Washingtonian Magazine Names Nicholas Woodfield of TELG as a 2013 Top LawyerPosted on December 4, 2013
Washingtonian magazine has named Nicholas Woodfield of The Employment Law Group® law firm to its prestigious 2013-14 rundown of “Top Lawyers” in Washington, D.C.
The city magazine unveils a new tally of star attorneys every two years; its latest listing is in the December 2013 issue, on newsstands now, and will appear online starting on January 1, 2014. Washingtonian will fête Mr. Woodfield, along with its other honorees, at a reception on December 10th.
Mr. Woodfield, a principal at The Employment Law Group, was chosen for his representation of whistleblowers, victims of discrimination, and workers with non-payment and misclassification claims.
A seasoned trial attorney, Mr. Woodfield is president of the Virginia Employment Lawyers Association. He has tried more than 50 cases and negotiated many seven-figure settlements for his clients. Several of his cases have set important state and federal precedents; most recently, his representation of whistleblower Donna Jackson — in addition to winning a $650,000 jury award — led to Maryland’s embrace of “cat’s paw” doctrine, under which an employer may be held liable for retaliation against an employee even if the actual decision-maker was unaware of a retaliatory motive.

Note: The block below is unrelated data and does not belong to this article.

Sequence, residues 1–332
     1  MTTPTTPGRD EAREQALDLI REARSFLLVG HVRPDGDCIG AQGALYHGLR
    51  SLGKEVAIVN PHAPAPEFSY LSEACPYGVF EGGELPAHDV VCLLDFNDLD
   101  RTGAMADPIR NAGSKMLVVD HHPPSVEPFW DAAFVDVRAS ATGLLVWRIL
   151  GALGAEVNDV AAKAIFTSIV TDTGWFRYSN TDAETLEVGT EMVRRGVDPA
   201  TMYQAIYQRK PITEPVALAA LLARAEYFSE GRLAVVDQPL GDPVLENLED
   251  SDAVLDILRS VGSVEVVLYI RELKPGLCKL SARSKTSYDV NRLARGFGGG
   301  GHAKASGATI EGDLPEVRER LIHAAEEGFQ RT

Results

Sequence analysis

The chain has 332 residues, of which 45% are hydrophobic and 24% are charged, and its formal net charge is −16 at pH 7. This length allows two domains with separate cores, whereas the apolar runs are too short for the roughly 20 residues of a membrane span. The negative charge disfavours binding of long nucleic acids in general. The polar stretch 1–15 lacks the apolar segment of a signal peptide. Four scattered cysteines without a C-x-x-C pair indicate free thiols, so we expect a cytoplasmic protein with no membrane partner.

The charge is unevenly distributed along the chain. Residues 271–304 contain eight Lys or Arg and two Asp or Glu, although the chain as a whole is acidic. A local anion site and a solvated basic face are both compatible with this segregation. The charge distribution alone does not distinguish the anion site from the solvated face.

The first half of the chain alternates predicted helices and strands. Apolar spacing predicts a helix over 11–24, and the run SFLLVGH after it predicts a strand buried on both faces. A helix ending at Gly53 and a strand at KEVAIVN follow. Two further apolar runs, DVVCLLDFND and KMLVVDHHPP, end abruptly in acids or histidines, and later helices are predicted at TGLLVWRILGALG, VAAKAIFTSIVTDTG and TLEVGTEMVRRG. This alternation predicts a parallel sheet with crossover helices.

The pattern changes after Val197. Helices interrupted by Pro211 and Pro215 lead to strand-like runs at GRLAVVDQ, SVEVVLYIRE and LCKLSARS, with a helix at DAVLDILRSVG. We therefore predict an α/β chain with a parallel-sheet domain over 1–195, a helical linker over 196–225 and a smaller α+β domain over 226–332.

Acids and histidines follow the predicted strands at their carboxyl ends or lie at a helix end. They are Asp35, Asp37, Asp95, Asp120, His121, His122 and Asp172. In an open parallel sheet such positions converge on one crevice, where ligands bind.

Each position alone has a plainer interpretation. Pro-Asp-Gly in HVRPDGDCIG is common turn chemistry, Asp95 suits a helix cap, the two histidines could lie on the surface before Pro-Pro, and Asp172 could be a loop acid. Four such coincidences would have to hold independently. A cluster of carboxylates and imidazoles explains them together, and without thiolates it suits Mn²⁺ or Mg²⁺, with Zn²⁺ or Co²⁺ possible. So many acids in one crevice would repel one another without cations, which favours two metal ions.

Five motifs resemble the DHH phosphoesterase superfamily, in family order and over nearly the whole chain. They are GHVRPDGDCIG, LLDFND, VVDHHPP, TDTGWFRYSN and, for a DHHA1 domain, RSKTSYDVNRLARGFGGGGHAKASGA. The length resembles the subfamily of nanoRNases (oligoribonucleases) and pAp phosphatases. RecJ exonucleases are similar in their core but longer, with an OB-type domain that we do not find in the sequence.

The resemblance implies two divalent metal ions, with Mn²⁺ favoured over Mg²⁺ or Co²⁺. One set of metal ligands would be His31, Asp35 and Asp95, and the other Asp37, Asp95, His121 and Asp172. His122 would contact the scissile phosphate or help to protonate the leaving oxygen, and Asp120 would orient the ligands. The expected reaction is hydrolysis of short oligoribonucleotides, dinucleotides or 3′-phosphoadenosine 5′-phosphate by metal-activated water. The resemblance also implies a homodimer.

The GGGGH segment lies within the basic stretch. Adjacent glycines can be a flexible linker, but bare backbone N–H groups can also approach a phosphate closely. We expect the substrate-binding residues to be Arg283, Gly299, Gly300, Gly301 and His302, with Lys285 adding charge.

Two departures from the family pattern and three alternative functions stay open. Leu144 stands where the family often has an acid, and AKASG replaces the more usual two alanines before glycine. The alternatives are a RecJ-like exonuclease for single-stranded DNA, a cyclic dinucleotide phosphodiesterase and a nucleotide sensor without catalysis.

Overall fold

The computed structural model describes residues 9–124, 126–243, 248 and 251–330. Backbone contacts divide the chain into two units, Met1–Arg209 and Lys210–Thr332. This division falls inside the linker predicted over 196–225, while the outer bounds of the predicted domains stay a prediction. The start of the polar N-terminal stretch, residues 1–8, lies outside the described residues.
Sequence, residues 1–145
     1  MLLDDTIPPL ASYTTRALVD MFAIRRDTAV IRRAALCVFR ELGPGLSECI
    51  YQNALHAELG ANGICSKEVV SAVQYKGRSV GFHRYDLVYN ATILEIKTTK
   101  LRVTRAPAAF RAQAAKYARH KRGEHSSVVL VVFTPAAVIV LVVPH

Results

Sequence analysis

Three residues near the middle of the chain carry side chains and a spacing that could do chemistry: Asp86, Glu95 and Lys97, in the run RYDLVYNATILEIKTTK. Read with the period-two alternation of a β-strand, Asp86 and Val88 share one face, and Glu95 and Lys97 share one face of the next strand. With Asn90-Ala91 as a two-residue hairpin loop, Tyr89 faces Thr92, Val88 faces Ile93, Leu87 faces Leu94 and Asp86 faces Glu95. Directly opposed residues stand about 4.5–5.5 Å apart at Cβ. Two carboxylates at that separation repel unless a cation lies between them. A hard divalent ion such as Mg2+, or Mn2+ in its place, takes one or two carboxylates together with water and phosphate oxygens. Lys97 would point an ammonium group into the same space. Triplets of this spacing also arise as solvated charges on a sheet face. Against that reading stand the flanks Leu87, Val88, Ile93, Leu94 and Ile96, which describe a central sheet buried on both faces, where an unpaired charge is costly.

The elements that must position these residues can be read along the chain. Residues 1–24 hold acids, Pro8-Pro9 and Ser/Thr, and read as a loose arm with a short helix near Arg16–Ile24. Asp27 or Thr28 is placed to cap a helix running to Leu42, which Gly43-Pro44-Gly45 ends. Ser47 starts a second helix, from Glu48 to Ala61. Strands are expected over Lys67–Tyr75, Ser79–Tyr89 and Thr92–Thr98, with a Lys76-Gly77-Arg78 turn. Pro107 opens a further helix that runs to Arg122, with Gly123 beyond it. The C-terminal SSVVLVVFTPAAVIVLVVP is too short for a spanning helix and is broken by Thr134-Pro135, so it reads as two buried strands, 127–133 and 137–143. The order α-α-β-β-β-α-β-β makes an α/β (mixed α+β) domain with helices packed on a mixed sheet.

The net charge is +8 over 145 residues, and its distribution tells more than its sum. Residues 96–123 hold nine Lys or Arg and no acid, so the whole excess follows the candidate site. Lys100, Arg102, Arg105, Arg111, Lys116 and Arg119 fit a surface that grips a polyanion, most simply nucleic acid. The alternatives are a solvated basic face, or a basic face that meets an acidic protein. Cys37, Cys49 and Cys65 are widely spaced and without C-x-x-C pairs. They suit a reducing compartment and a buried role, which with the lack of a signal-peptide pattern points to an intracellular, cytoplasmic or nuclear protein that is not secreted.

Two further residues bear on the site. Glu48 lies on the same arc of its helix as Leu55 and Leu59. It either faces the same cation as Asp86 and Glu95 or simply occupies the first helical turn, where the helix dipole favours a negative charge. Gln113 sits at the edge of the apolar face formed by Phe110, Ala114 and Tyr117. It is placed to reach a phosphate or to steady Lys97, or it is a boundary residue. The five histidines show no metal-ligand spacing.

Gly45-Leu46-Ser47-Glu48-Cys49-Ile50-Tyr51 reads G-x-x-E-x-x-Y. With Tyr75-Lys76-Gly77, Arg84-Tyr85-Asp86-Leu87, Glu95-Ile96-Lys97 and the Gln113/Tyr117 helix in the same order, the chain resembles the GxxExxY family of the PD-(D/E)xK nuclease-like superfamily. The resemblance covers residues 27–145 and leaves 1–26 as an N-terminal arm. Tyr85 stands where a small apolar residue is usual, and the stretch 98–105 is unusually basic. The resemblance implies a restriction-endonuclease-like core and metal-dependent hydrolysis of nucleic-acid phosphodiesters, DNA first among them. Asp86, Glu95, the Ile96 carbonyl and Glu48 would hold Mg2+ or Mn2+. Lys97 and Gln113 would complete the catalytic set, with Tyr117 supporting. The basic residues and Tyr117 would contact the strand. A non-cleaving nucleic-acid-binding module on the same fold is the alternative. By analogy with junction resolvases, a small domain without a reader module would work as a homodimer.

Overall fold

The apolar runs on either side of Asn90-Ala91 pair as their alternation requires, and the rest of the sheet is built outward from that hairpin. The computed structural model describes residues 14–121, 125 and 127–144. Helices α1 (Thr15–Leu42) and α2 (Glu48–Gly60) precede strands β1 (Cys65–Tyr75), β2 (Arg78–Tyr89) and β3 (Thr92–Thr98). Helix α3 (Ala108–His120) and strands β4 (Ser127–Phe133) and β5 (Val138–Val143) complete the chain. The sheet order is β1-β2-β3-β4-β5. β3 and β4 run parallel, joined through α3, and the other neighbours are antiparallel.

Being named a Washingtonian Top Lawyer is a new accolade for Mr. Woodfield, who also was recognized in 2013 by Best Lawyers and Super Lawyers. He recently was picked for the Top 100 Trial Lawyers by The National Trial Lawyers, and maintains a 10.0/Superb rating on Avvo.com — the highest possible.
“As a resident of D.C., I’m thrilled to be recognized by my hometown’s top magazine,” said Mr. Woodfield. “I’m a Washingtonian reader myself; I know that people in D.C. trust it as an arbiter of excellence. I’m honored that the editors judged me worthy of inclusion.”
Mr. Woodfield is a frequent speaker, panelist, and media commenter, especially on retaliation claims and the proper application of the Fair Labor Standards Act. He received his J.D. from the Cumberland School of Law at Samford University in Birmingham, Ala.; he also holds a B.A. from Washington and Lee University in Lexington, Va., and has done postgraduate work in law at the University of Oxford in Oxford, England.
He has been admitted to practice before numerous state and federal courts, including the U.S. Supreme Court.